My husband David and I had a lot to be grateful for when we woke up on the top floor of the building shown here. It’s kind of a supersized wooden hut. Backpackers can rent hammocks on the first floor, while there are two private rooms, or cabanas up top. David and I got one of the cabanas and had this view from our room
Parque Nacional Tayrona on Colombia’s Caribbean coast has some of the most beautiful beaches I’ve ever seen. Gorgeous warm water, good waves, granite boulders to mess with the normal sense of perspective.
We stayed in the Cabo San Juan de Guía section of the park. To get there, we took a little shuttle into the park and then walked a muddy path in the jungly hills near the sea for about 45 minutes, and then spent another 30 minutes or so walking along beautiful beaches that (sadly) have currents too dangerous for swimming.
At Cabo San Juan de Guía, there’s a little restaurant serving good fish and chicken meals, and a little shop selling soda and sundries. That’s it for any kind of commercial development. Tayrona’s a place to just chill. The only attraction beyond the beach was a friendly puppy, who will someday soon be a pretty big dog. He hung out with David and me on the beach for a while, chewing on palm fronds and a coconut. We had to divert him when he went for my sarong, Keene boat shoes and guide book. (We laughed that this was certainly not the first “Lonely Planet Colombia” he’d used in his teething.)
There are two places where people stay overnight before going to Tayrona, the resort town of Santa Marta or backpacker haven of Taganga. Taganga sounded much prettier and since it’s firmly on the backpacker route, it would be easy to get transport directly to the park.
We opted to stay in Santa Marta and see a bit more of how Colombians vacation, how they live.
We took local buses to and from Parque Nacional Tayrona. On the ride into the park, the bus driver had stacked all kinds of groceries and supplies near him, including a bale of barbed wire. On a rural road, the bus driver’s assistant jumped out and left off the bale of wire. The driver honked a few times to let the intended recipient know that his wire has arrived, and drove off.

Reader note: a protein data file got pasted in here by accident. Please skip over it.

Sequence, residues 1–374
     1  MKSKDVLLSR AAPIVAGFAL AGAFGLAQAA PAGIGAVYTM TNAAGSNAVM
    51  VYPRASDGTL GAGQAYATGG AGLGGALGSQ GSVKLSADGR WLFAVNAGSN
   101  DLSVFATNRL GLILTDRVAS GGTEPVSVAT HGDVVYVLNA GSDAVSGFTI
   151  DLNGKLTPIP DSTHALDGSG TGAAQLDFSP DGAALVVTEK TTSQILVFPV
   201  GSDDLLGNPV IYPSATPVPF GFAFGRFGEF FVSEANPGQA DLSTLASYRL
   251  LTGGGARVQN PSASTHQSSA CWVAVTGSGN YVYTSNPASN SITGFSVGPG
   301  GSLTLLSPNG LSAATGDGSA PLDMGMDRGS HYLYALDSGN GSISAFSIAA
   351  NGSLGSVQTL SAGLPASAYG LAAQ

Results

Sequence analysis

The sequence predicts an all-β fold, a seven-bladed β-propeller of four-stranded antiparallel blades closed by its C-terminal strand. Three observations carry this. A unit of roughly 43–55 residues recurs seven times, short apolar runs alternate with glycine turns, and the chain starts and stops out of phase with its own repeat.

The beach in Santa Marta was decked out for Christmas. We particularly liked this snowman, who sported the kind of brown-and-black straw hat seen often on Colombian’s Caribbean coast. A snowman needing a little shade for his carrot nose is really no more absurd than flying reindeer.
–Avoid La Costena bus line for traveling from Cartagena to Santa Marta unless you’re craving the authenticityof a local bus on a crowded stretch of coast. We were told that the bus would only stop once between Cartagena and Santa Marta, and that this would be in Barranquilla. Instead, the bus stopped along the road all the way to Barranquilla to pick up and let off passengers. Yet, in Barranquilla, the only `stop’ was then our minibus, or buseta, pulled into the median of a busy road where another La Costena bus had halted with the engine running.
David and I were told to hop out here and our bags were transferred to other minibus. It made a laugh a little, like a bad corruption on a line from a song from Barranquilla’s most famous native, Shakira. “Mira, en Barranquilla, se cambie buseta asi.”